January 30, 2006
“In Islam, religious songs are designated by the generic term ‘inshad’, from the root ‘n-s-h-d’, meaning to aspire to something, or to seek, to have an aim, to go in search of something. The word ‘nashid’, formed from the same root, means a hymn or a canticle, and a ‘munshid’ is a hymn-singer or cantor… The mystic poets most frequently encountered in this repertoire include ibn al-Farid, al-Nablusi, al-Barzanji, al-Bura’i, and al-Busiri [May Allah Sanctify Their Secret]”
— From the information booklet of The Path Of Ecstasy CD .
January 23, 2006
John Bradley interviews Prof Khaled about his latest book, The Great Theft that has been described as ‘the most dramatic manifesto from an American Muslim since the September 11 attacks’.
In the interview — Straits Times 23 Jan 2005 (page 19) — Prof Khaled speaks about the book and also about his experiences while he was visiting Singapore last year. While he recalls his pleasant meeting with the Minister In-charge of Muslim Affairs, he is saddened by an incident during one of his lectures in Singapore where ‘the Wahhabi party came to the lecture and they were so remarkably rude and disruptive’.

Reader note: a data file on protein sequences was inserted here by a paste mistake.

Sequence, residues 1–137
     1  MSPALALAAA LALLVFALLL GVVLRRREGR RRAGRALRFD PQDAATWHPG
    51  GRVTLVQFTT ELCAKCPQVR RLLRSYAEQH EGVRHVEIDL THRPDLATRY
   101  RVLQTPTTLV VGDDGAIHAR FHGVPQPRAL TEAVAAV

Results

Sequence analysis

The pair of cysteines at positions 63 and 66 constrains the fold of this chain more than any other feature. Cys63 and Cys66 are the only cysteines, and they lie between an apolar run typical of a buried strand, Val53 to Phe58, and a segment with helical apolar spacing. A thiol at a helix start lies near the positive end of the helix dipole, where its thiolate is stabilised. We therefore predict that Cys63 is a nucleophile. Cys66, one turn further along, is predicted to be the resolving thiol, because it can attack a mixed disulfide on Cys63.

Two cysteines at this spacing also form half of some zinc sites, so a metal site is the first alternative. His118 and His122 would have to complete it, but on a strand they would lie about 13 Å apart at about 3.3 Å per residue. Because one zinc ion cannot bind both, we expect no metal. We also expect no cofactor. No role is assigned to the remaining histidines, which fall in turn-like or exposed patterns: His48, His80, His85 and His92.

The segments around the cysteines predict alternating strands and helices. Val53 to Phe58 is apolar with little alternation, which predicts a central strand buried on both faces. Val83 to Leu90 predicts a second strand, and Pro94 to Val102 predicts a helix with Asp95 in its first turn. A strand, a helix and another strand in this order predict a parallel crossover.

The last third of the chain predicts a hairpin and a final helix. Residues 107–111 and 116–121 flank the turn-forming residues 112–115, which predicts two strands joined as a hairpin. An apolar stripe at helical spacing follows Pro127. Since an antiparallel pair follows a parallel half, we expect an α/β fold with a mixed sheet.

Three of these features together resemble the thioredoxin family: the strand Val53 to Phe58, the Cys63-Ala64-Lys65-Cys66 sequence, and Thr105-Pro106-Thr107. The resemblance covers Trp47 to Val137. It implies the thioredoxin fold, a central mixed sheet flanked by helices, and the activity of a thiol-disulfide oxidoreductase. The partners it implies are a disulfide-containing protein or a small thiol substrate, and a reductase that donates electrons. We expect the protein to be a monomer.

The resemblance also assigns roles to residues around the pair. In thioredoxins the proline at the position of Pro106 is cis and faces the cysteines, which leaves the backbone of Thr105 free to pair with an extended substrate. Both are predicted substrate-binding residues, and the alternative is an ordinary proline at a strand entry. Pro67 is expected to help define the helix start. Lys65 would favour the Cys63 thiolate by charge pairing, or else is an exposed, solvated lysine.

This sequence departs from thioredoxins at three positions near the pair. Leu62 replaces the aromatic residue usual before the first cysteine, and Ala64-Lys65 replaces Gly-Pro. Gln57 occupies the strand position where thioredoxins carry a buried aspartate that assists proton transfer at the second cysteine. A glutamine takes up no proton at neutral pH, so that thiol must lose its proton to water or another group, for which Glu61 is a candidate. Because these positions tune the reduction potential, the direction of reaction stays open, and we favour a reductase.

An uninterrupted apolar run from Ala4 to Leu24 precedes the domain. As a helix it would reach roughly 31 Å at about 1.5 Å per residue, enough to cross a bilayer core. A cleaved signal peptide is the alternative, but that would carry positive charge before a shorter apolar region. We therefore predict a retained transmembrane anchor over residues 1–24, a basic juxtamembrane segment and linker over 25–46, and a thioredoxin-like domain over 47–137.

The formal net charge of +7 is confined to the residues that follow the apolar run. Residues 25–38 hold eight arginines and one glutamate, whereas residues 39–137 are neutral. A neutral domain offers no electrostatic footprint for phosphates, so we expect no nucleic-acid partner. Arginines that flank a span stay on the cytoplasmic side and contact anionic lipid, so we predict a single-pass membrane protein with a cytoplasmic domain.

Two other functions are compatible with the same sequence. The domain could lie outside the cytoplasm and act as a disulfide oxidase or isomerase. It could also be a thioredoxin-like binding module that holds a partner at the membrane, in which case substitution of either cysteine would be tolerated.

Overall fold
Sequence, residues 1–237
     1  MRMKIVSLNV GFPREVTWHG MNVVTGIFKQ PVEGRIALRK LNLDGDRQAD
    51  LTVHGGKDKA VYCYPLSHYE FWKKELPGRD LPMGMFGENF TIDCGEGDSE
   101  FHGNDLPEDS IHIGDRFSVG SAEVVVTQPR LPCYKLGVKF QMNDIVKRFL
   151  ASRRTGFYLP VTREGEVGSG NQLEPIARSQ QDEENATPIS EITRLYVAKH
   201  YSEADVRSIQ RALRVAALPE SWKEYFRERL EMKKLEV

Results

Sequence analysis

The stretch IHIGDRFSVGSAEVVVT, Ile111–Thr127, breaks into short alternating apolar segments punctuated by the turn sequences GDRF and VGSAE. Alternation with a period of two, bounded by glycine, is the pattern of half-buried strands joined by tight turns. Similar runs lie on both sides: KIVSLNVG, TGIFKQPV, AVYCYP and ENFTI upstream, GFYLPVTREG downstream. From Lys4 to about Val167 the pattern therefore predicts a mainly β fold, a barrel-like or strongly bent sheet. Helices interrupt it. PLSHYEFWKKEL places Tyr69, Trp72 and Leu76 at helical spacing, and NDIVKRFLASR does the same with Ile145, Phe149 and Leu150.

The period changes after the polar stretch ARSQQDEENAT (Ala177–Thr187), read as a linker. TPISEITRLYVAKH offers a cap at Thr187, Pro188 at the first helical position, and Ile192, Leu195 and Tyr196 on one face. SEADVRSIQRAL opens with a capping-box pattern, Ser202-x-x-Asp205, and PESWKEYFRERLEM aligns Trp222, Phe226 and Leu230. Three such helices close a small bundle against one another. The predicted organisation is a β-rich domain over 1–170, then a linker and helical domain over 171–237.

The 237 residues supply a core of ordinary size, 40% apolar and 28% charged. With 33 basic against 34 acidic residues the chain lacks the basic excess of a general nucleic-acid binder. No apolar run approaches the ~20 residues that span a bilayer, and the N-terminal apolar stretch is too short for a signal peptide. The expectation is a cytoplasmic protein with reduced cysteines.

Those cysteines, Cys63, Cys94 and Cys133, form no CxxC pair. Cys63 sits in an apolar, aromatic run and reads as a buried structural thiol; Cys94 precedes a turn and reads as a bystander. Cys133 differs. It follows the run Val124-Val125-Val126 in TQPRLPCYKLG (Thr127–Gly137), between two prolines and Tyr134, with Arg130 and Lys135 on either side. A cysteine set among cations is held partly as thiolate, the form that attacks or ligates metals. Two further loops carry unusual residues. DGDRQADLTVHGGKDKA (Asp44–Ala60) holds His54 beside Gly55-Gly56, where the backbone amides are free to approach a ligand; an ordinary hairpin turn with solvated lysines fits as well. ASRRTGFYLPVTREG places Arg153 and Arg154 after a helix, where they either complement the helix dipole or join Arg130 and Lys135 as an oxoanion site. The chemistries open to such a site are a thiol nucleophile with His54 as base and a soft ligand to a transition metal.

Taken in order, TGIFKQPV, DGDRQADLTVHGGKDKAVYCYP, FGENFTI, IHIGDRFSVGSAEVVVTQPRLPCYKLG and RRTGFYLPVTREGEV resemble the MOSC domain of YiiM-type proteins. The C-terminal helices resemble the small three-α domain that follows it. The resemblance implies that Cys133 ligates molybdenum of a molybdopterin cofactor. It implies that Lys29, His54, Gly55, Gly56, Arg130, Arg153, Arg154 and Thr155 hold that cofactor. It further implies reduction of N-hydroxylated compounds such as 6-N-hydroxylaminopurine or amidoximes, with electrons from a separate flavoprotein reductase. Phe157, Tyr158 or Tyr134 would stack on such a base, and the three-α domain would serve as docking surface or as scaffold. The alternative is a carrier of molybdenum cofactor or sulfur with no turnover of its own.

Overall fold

Prof Khaled, while in Singapore, also graced Wardah Books with his presence. He spent a couple of hours in the bookshop, pointing out books of note. We were all touched by his intelligence, drive and above all, his humility. He wrote (in Arabic) in the Wardah Guestbook: ‘Praise Allah for the poverty of my knowledge’.
The Great Theft is available from Wardah Books.